Poaching remains the greatest threat to African rhinos. According to one report, there have been 2 707 recorded rhino poaching incidents in Africa since 2017, 90% of which took place in South Africa. In the ongoing efforts to prevent poaching incidents, Pratley Quickset® Putty is being used with great success to assist with inserting VHF tracking devices into the horns of black and white rhinos.
To preserve the rhino population, conservation efforts like the Black Rhino Range Expansion Project (BRREP) were developed to protect black rhinos. The project aims to translocate black rhinos from the saturated Ezemvelo KZN Wildlife to other Big 5 game reserves, explains Dinokeng Game Reserve GM David Boshoff. The black rhino numbers will be boosted by expanding the land available for their conservation to create new breeding populations.
“We are the only BREPP programme in Gauteng with a good population of black and white rhinos. Three years ago, we commenced with the VHF tracking programme to protect our rhinos against poaching,” continues Boshoff.
The first step in the VHF tracker programme in the Dinokeng Game Reserve is to locate the relevant rhino in this 19 000-ha game reserve via helicopter, whereafter it is darted with a quick-acting sedative by an experienced veterinarian.
The VHF transmitter is fitted into the rhino’s horn by drilling a small hole in the inert or dead part. The procedure is quick and causes no harm or pain to the rhino, following which the hole is plugged with Pratley Quickset® Putty. This ensures the device remains in place and provides long-term protection for the rhino’s horn.
Boshoff reveals that dental adhesive was used initially until a veterinarian came up with the idea of using the versatile Pratley Quickset® Putty, which has proved more than up to this important job of assisting with the preservation of black rhinos in the wild.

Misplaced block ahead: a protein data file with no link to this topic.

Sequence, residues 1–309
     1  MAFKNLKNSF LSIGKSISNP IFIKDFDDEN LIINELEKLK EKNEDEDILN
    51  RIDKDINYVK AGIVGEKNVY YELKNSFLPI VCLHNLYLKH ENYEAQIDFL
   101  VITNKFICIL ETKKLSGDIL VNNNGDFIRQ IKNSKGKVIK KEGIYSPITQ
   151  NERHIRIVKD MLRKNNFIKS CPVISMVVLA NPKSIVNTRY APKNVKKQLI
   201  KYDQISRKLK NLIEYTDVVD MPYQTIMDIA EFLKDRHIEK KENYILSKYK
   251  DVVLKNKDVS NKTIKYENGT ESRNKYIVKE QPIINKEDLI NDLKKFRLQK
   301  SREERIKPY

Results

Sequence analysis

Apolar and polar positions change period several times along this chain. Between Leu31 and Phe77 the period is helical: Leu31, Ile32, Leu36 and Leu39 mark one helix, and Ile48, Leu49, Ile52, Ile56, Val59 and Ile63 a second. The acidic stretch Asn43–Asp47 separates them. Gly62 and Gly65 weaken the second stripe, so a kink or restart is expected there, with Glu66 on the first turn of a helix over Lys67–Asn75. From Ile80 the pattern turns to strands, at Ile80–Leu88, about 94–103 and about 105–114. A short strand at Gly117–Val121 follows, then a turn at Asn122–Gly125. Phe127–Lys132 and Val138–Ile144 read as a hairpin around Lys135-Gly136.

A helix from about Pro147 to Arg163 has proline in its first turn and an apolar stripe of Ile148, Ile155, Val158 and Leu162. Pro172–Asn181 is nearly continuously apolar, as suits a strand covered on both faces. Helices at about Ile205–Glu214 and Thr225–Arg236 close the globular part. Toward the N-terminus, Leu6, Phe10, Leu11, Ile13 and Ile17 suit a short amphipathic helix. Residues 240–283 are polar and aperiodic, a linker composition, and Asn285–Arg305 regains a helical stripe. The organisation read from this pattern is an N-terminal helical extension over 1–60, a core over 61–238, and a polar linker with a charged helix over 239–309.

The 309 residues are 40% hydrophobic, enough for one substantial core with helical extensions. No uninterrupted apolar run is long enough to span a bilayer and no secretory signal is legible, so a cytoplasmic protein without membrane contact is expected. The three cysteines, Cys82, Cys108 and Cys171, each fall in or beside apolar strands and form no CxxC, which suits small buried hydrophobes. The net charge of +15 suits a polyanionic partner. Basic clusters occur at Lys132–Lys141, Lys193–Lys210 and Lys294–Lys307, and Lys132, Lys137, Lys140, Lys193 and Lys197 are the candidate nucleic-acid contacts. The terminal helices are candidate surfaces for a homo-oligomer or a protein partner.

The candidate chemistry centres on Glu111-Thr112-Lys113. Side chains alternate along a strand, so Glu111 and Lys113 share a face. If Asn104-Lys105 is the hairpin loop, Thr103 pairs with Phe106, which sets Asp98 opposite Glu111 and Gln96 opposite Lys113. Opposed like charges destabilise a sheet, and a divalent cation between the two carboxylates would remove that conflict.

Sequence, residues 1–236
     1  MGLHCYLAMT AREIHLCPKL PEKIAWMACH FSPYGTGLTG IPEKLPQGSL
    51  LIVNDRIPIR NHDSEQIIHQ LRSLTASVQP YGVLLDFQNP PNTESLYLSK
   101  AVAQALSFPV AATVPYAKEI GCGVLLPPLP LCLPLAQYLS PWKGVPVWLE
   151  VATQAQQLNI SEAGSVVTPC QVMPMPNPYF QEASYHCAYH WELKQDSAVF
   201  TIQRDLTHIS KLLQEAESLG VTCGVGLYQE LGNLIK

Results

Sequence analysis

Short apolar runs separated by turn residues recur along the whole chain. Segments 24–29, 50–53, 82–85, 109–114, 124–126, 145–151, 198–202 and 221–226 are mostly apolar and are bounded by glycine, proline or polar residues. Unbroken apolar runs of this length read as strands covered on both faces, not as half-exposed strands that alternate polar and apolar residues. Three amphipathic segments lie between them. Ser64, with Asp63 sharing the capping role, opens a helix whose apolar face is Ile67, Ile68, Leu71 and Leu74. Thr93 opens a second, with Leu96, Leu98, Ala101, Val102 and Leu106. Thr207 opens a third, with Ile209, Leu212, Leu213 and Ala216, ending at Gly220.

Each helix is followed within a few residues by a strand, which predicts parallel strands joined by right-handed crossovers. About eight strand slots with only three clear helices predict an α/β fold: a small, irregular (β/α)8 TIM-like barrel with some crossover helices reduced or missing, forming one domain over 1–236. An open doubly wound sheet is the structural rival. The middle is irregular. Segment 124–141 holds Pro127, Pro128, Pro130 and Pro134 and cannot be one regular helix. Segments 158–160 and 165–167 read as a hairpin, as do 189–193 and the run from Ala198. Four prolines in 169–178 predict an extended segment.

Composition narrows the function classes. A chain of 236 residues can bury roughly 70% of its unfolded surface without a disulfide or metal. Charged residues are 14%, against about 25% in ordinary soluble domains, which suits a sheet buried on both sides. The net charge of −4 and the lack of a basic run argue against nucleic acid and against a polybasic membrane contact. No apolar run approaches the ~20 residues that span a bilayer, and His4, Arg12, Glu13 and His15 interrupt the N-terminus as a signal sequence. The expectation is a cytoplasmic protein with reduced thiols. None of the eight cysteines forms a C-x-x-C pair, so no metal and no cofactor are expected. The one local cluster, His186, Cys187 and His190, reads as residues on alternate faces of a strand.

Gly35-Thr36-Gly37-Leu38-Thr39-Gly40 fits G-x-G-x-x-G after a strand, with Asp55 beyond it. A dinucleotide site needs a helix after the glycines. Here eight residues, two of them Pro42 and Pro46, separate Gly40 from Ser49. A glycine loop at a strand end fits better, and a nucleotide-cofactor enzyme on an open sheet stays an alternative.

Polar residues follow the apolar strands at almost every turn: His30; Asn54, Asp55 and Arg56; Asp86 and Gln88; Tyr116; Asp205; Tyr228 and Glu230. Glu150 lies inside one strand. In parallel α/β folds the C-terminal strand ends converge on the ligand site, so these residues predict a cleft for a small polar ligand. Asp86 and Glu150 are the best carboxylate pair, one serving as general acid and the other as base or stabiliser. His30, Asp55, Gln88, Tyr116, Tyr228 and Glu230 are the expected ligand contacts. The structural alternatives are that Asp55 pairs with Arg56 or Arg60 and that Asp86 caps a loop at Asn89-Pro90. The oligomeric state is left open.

Pratley Quickset® Putty is a slightly water-soluble, hand-mouldable, quick-setting putty-like adhesive. The characteristics of the putty allow it to be further shaped and moulded on the horn without causing any discomfort to rhinos in the wild. Once the VHF tracker is placed in the horn, scientists and other researchers monitor the rhino’s movements for any abnormal activity to indicate it is being targeted by poachers.
“This is not the first time Pratley Adhesives have been used in conservation projects,” comments Mark Bell, Pratley’s National Sales and Marketing Manager for Adhesives. A green sea turtle had its damaged shell repaired with Pratley Putty, while researchers have successfully used Pratley Putty to adhere radio transmitters to the scales of pangolins while studying them in the wild.
“Many of our adhesive products are very well suited for on-the-go, outdoor applications, and we are happy that they have assisted many conservation initiatives over the years and continue to do so,” highlights Bell.
A recent project by Oceans Without Borders to preserve the coral reefs around Mnemba Island near Zanzibar saw Pratley Putty being used to secure coral fragments and restore endangered coral reefs off the coast of Zanzibar.
According to the 2022 State of the Rhino Report from the International Rhino Foundation, illegal trade in rhino horn continues to spur poaching, with an estimated 1 000 rhino horns traded every year. The global rhino population is estimated to be under 27 000.
The BRREP commenced in 2003 to counter the dramatic decrease in the number of black rhinos, resulting in their near extinction in the 1990s. The project is a partnership between the World Wildlife Fund (WWF), Ezemvelo KZN Wildlife and the Eastern Cape Parks and Tourism Board, supported by the Ford Wildlife Foundation.